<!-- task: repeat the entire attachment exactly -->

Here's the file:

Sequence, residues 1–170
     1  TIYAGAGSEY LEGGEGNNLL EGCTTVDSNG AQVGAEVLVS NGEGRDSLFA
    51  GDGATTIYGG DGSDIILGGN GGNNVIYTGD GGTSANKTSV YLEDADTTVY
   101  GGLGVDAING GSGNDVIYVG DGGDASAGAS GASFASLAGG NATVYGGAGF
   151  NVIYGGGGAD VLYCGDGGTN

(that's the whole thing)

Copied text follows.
Sequence, residues 1–170
     1  TIYAGAGSEY LEGGEGNNLL EGCTTVDSNG AQVGAEVLVS NGEGRDSLFA
    51  GDGATTIYGG DGSDIILGGN GGNNVIYTGD GGTSANKTSV YLEDADTTVY
   101  GGLGVDAING GSGNDVIYVG DGGDASAGAS GASFASLAGG NATVYGGAGF
   151  NVIYGGGGAD VLYCGDGGTN